Master of Computer Science - Research
School of Computer Science and Software Engineering
Qu, Lie, Optimistic fair exchange of ring signatures, Master of Computer Science - Research thesis, School of Computer Science and Software Engineering, University of Wollongong, 2011. http://ro.uow.edu.au/theses/3436
Fair exchange of digital items via computer networks is an important research topic in modern cryptography. Generally speaking, a fair exchange protocol can help two mistrusted parties in networks exchange their digital items in a fair way, that is, both two parties get each other's item, or neither of them gets anything valuable after the protocol runs successfully. In practical applications, the technology of fair exchange is widely used in di erent but relevant elds, such as contract signing protocols, non-repudiation protocols, e-payment system and certi ed e-mails.
In a fair exchange protocol, a trusted third party (TTP) is usually needed as an authentic mediator between two mistrusted parties. In order to reduce the load of such a TTP, the notion of optimistic fair exchange (OFE) is proposed, in which there is an o -line TTP, called arbitrator, who acts as a judge to settle the dispute between parties and should only be involved if necessary. In previous studies, fair exchange is usually carried out between individual parties. When a fair exchange protocol runs between two members from two distinct groups, anonymity of the signer in a group could be necessary for achieving better privacy in some cases (e.g. protecting customers' trading habits in e-payment systems).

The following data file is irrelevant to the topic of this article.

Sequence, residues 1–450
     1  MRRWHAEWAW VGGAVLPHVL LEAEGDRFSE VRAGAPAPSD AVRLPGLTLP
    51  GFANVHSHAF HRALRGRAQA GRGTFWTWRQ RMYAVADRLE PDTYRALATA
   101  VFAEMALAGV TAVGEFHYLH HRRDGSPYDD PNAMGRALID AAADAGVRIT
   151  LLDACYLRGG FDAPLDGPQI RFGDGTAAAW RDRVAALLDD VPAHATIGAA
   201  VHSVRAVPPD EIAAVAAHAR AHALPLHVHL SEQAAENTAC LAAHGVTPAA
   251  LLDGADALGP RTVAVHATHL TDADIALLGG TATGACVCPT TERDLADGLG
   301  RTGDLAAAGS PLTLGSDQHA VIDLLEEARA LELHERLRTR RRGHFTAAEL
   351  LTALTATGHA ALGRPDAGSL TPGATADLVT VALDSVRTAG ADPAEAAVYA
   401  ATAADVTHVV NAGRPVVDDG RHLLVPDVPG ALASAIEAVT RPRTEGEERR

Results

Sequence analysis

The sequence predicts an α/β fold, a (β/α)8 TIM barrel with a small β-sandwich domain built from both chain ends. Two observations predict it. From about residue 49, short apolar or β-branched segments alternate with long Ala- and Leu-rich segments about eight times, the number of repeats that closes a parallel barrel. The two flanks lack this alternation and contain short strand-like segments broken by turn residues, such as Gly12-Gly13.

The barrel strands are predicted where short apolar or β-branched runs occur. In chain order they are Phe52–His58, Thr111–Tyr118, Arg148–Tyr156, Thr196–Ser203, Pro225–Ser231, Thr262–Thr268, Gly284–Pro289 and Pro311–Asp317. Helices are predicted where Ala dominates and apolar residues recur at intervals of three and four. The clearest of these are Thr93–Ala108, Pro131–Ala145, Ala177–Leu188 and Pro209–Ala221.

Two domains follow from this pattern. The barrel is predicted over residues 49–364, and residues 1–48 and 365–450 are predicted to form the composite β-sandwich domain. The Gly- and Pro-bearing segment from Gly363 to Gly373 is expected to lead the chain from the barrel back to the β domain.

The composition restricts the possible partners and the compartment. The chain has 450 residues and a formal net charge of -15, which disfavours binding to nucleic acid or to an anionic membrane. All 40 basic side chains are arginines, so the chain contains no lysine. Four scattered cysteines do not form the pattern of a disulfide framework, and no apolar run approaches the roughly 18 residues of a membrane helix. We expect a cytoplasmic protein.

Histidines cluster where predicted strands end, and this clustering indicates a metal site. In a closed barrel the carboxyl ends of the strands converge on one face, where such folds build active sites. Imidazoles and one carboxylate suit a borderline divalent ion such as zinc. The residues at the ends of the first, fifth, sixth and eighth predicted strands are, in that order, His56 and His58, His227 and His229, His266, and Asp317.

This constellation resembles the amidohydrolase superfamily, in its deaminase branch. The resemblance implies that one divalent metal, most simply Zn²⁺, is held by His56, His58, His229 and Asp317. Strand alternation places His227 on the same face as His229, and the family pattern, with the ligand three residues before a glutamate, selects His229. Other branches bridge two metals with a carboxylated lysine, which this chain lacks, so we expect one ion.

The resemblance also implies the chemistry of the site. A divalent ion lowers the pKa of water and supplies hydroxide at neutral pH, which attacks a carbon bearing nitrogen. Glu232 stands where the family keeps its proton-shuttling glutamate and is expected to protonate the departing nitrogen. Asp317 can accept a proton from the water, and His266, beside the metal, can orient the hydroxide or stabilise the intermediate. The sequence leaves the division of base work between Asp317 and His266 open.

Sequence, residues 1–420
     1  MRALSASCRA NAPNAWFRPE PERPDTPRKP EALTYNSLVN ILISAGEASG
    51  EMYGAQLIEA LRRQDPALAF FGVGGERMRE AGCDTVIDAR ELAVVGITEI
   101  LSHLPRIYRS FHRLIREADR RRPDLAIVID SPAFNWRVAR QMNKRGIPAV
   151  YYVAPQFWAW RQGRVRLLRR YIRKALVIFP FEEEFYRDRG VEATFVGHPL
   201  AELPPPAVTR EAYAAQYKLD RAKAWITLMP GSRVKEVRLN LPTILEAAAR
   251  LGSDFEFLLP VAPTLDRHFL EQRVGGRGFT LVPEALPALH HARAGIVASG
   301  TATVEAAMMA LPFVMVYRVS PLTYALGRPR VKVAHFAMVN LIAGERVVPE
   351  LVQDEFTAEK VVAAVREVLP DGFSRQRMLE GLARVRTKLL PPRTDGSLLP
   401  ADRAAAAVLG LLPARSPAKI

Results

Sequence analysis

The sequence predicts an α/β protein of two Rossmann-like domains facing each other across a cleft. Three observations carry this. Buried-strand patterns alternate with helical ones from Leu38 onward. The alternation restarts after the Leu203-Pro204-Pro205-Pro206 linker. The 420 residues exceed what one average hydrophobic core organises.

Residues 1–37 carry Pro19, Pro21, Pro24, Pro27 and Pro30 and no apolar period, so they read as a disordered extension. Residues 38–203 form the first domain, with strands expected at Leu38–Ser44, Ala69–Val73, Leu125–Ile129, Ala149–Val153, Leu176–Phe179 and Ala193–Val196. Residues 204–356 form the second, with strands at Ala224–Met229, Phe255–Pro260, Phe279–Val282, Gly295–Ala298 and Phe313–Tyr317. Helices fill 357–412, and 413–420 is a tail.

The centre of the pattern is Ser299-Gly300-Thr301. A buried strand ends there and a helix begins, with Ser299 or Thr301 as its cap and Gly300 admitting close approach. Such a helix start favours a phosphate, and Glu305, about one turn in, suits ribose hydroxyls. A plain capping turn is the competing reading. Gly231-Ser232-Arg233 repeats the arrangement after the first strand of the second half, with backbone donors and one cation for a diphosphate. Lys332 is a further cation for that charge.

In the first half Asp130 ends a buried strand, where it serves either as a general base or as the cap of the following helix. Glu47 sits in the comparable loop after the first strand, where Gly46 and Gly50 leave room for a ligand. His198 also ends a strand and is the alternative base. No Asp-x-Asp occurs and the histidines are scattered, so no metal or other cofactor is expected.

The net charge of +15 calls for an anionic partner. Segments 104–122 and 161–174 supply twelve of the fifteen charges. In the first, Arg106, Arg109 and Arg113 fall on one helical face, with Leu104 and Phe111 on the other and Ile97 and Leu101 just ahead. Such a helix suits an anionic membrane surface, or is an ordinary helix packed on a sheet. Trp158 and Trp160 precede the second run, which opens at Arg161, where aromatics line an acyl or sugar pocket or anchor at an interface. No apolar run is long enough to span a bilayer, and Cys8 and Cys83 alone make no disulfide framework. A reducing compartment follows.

In this thesis, we study optimistic fair exchange of ring signatures (OFERS), i.e., two members from two di erent groups can exchange their ring signatures in an equitable way. Each user in these groups has his/her own public-private key pair and is able to sign a message on behalf of his/her group anonymously due to the property signer ambiguity inherited from ring signatures. We rst de ne the security model of OFERS in the multi-user setting under adaptive chosen message, chosen-key and chosen public-key attacks. Then, based on veri ably encrypted ring signatures (VERS), we construct a concrete scheme by combining the technologies of ring signatures, public-key encryption and zero-knowledge proof, and then show that our OFERS solution is provably secure in our security model and preserving signer ambiguity of ring signatures. Moreover, we improve the proposed OFERS scheme in order to meet the property abuse-freeness, which means, before the OFE protocol is successfully executed, any interim result in the protocol cannot be accepted as valid evidence showing that some participant has committed to complete the protocol. We propose the formal model of abuse-freeness in OFERS, and construct the rst concrete scheme of abuse-free optimistic fair exchange of ring signatures (AOFERS), which is formally proven perfectly abuse-free in our security model. To the best of our knowledge, this is the rst formal work on the topic of optimistic fair exchange of ring signatures.